Earlier Friday morning we noticed that the weather forecast had changed to 30% chance of rain. Now, the weather forecasters never seem to care about even trying to be accurate when predicting the weather in Eastern Oregon. So, we never can rely on the weather forecasts. It didn’t seem like it would rain when we packed up, so we continued without a care in the world. Well, the moment we pulled out of the garage, the drops began to fall.

It poured until we got there. Then it stopped as we pulled into our campsite. We quickly put up the tent, set up our bed, and got Asher inside before it once again began to rain. It rained without a break until about 7:30. We spent a few hours playing Phase 10, reading, and keeping Asher occupied with toys and selfies. We sure were glad Ash is only 6 months old, having a toddler would be a completely different experience. We probably would have packed up and gone home. IMG_3813IMG_3800

Luckily, the rain really died down after 7:30. We were getting worried we wouldn’t be able to eat dinner. We were able to get out and make dinner, and Zach even got a chance to do a little fishing before the day ended. We finished the evening with a movie on the laptop (which was smart to bring, since it was too wet to make a fire). IMG_3822 IMG_3830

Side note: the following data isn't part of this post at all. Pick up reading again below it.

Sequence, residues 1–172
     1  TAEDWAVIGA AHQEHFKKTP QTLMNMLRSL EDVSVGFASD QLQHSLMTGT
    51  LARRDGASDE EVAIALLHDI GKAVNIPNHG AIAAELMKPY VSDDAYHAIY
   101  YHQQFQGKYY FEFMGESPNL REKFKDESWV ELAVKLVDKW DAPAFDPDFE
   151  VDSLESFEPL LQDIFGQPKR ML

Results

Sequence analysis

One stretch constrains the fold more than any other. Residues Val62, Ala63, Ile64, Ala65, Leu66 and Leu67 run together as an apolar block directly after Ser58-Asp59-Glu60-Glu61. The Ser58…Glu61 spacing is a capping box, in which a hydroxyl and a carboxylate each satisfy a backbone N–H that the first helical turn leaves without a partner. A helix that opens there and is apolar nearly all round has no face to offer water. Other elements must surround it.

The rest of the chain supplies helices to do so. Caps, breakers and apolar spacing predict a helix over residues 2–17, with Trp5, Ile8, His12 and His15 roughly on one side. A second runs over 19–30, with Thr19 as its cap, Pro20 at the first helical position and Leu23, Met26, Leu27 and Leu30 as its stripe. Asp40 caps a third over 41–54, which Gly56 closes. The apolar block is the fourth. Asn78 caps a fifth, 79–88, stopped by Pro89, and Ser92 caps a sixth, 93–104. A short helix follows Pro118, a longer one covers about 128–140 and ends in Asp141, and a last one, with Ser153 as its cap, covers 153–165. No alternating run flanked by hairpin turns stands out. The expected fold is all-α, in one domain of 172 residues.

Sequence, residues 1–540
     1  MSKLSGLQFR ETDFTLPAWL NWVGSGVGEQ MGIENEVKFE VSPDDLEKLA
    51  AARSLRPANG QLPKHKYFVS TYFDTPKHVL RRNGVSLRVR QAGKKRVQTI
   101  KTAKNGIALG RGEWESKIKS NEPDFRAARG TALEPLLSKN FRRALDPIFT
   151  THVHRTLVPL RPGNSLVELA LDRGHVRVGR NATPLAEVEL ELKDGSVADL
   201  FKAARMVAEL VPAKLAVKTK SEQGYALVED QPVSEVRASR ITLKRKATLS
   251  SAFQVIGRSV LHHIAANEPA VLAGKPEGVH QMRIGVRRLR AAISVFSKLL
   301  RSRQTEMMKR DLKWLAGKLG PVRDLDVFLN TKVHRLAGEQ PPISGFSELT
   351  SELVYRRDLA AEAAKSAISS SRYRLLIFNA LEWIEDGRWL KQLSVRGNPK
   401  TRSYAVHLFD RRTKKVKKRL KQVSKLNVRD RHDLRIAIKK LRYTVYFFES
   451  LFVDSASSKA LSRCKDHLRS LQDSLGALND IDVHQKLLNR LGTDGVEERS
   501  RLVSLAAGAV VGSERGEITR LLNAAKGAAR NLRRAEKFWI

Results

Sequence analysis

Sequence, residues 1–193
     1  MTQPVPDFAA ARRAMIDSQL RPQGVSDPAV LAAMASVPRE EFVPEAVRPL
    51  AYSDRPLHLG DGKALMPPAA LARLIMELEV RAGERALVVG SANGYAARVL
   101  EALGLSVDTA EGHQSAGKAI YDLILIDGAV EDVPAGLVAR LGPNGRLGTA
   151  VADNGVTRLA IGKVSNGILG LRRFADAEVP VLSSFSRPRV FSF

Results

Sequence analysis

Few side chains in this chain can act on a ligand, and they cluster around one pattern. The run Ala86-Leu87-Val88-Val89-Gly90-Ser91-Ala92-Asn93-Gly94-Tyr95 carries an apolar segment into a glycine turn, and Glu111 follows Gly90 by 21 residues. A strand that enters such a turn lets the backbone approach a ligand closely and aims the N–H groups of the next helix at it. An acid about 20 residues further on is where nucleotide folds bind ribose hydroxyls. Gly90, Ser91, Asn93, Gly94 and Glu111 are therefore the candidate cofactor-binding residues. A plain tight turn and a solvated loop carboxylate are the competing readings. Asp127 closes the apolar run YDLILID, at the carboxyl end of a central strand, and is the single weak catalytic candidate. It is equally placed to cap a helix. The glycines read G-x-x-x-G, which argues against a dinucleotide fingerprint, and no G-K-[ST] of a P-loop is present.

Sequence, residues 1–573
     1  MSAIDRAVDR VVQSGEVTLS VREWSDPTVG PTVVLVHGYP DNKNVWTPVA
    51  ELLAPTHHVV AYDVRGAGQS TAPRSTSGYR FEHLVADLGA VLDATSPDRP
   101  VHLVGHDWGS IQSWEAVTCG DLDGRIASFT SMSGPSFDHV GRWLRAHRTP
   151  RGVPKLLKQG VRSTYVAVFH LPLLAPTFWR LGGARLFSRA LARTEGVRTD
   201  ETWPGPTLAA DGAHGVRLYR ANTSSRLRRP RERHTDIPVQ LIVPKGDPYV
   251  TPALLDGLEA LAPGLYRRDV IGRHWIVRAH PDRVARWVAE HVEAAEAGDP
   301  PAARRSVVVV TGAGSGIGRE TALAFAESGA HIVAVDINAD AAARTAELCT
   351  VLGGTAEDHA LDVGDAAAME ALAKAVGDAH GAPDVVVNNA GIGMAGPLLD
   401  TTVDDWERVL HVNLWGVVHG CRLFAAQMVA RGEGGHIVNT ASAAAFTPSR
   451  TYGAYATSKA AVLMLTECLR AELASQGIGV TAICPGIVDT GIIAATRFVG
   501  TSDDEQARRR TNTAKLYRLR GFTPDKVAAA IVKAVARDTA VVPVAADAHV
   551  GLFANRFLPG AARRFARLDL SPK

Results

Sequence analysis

This morning we got up, Zach started a fire, while I made us breakfast. Ash and I even got to watch Zach do some more fishing (even if the fish weren’t biting). There wasn’t any hiking around our campsite, so we decided to head home via the backroads after asking a forest ranger if the roads were clear. IMG_3854

Only in Oregon, would there be highways that are not paved. So, for about 40 miles we traveled a windy, desolate, one-lane gravel road. At times there were giant potholes and fallen trees in our route. It was a beautiful ride. We passed over a few summits, followed a fast-flowing river, and saw many mines. At the end of the road we reached Olive Lake. This was a surprise to us because we were originally planning on camping here with some friends, but the snow blocked the entrance a week ago. We knew they were going to try to get in anyway, so we decided to stop to see if they did. The snow had diminished a lot in the last week, so we easily made the trek up to the lake. It is a beautiful lake that we can’t wait to camp at this summer. IMG_3849IMG_3852

We ended the trip with a stop in Sumpter. They have a huge flea market here every year. We haven’t been since we came out for our interview two years ago. We met up with some friends, walked around, and got some kettle corn. All in all, it was a successful trip full of fun, friends, family, and funny faces!IMG_3846